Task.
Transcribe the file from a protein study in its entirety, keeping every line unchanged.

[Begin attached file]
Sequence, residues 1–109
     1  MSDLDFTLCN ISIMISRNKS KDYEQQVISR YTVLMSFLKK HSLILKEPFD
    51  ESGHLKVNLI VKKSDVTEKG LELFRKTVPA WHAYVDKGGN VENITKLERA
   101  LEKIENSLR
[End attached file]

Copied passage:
Sequence, residues 1–109
     1  MSDLDFTLCN ISIMISRNKS KDYEQQVISR YTVLMSFLKK HSLILKEPFD
    51  ESGHLKVNLI VKKSDVTEKG LELFRKTVPA WHAYVDKGGN VENITKLERA
   101  LEKIENSLR